I have ``The Venturesome Voyages of Captain Voss'', originally published in Japan, in 1913. That book contains three stories, two of which are in 40,000 Miles. The third story, an account of an island treasure hunt, was left out of 40,000 Miles, probably because it's considerably less interesting than the other two stories. I'm recommending the book ``40,000 Miles in a Canoe'' because it has all the interesting parts of the original, and the original is hard to find, and expensive.

Captain Voss and one companion left Victoria, British Columbia in 1901, in a decked-over dugout canoe which they bought from an old Indian. Their aim was to sail around the world and make their fortune by writing about it, as Captain Joshua Slocum had recently done. Along the way, his first crew member left after a mutiny at sea, and his second crew member was lost overboard. Voss and his canoe didn't make it quite all the way around the world, since they crossed only the Pacific and Indian Oceans and stopped in England. However, he definitely accomplished his underlying goal of making some money and writing a great story.

Voss was an experienced seaman, and his book is still an excellent resource on handling a small boat in bad weather. You will find it quoted approvingly by many authors writing on the subject, including the Pardys. By all accounts, Voss was not particularly articulate or well educated, and the fact that the book is so well written has caused speculation that the book may have been ghost-written by Weston Martyr, who wrote the introduction. I'm not convinced that Voss must necessarily have been a bad writer, but certainly the writing is as good as Martyr's.

The second story in this book tells of the short voyage of the Sea Queen, a tiny yawl in which Captain Voss and two companions set out from Tokyo and weathered a hurricane. Finally, there is a short appendix in which Voss summarised his advice on weathering storms at sea. This book is still one of the best sources of wisdom for small boat seamanship, and it's still one of the best non-fiction accounts of ocean voyaging in a small boat. If you're seriously planning to take a small boat offshore, you need this book. If you enjoy reading accounts of cruises, you need it. If you just enjoy good literature, you won't go wrong with this.

Voyaging on a Small Income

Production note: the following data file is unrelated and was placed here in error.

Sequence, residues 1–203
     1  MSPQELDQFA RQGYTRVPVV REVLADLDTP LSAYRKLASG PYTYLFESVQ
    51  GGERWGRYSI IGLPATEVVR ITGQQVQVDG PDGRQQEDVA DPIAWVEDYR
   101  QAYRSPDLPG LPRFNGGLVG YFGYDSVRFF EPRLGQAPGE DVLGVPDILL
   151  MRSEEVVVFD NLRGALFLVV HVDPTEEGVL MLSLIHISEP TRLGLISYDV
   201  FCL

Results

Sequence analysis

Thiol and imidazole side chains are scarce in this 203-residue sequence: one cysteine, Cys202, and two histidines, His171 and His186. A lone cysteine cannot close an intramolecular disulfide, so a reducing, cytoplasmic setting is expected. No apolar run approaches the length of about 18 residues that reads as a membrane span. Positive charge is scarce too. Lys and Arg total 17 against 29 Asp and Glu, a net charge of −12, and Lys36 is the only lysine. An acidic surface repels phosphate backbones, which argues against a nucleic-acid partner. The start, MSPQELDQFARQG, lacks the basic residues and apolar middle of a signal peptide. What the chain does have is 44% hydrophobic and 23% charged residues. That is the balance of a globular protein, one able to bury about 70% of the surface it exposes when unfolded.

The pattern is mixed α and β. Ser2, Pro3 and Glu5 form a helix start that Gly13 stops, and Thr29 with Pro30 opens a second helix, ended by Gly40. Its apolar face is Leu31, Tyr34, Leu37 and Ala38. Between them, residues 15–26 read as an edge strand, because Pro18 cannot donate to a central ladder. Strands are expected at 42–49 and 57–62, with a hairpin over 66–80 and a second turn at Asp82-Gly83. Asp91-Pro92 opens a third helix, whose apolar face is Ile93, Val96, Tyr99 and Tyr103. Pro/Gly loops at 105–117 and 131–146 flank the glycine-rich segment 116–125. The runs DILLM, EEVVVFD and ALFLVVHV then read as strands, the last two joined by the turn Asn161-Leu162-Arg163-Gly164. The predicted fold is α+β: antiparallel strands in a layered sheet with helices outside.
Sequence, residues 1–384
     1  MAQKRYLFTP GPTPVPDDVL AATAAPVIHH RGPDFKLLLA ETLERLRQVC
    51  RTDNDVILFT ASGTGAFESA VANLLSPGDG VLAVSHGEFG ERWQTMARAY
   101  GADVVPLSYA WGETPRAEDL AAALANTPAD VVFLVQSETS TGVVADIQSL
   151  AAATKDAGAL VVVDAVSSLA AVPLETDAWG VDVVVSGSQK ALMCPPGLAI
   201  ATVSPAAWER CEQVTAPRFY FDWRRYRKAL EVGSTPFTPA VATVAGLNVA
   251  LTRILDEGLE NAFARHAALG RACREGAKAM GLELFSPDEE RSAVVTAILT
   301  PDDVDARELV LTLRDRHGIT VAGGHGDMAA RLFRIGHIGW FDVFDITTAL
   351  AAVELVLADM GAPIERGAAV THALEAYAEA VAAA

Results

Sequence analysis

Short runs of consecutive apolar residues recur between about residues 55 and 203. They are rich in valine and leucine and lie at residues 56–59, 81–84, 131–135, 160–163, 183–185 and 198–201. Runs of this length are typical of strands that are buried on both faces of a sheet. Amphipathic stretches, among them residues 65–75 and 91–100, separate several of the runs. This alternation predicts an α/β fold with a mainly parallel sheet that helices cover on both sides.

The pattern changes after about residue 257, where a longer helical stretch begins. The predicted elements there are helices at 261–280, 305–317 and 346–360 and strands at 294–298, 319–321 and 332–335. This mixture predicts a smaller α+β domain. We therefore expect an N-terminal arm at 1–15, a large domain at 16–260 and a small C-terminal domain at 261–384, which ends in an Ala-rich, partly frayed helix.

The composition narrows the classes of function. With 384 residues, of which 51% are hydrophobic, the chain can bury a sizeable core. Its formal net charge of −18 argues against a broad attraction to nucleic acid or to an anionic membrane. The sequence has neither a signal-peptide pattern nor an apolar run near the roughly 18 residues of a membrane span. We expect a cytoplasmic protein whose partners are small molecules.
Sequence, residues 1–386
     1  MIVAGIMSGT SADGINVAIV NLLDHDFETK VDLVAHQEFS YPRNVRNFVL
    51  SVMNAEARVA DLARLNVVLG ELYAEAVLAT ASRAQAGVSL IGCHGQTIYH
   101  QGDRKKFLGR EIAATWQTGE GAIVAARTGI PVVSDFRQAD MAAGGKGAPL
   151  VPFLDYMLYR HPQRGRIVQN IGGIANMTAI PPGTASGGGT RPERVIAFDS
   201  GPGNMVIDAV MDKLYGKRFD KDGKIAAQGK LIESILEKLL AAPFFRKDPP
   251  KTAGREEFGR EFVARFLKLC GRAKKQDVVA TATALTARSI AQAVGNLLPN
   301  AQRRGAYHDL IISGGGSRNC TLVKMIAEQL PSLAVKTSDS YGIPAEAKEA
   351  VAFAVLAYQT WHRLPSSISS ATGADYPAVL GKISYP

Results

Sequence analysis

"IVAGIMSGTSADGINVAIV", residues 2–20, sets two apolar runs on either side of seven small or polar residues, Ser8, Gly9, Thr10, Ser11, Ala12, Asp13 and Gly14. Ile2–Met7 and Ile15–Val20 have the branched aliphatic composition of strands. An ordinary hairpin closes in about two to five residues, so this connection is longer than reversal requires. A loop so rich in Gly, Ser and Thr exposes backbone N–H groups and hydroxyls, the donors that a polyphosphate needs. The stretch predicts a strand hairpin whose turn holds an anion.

by Ann Hill, Annie Hill

Where to find it: Voyaging on a Small Income

Not in the public domain.
Buy it from Voyaging on a Small Income

Review: Voyaging on a Small Income

The title puts the book in a nutshell. Annie Hill tells us about building and cruising in their plywood dory, Badger, and how they managed to live so frugally that their small savings actually increased during 20 years of full-time cruising. She covers how to select and outfit a boat, how to find and store provisions, how to live aboard and, most importantly, how to live well while living simply and cheaply. I've tried to live simply for a long time, and I've found that this book has inspired me to go farther in that direction.

She opens with chapters explaining their lifestyle and their choice of boat. Their boat, Badger, has a junk rig on a plywood dory hull, which they built in about three years. They chose the design and materials for low first cost and low maintenance. Twenty years later, it is still sailing and still sound. They chose the design and materials for low first cost and low maintenance.

The Hill's ``small income'' was $200 to $300 per month, year after year. One of the main reasons that they were able to live so cheaply was that they lived on a small, simple boat (about 34 feet, 10,000 pounds displacement) with few mechanical systems. Their entertainment was sailing and travel, and one another's company. Their diet was mostly vegetarian, simple, inexpensive and good. This is definitely not a cookbook, but her recommendations can save you a great deal of money on food, and might improve your health.

More coming soon.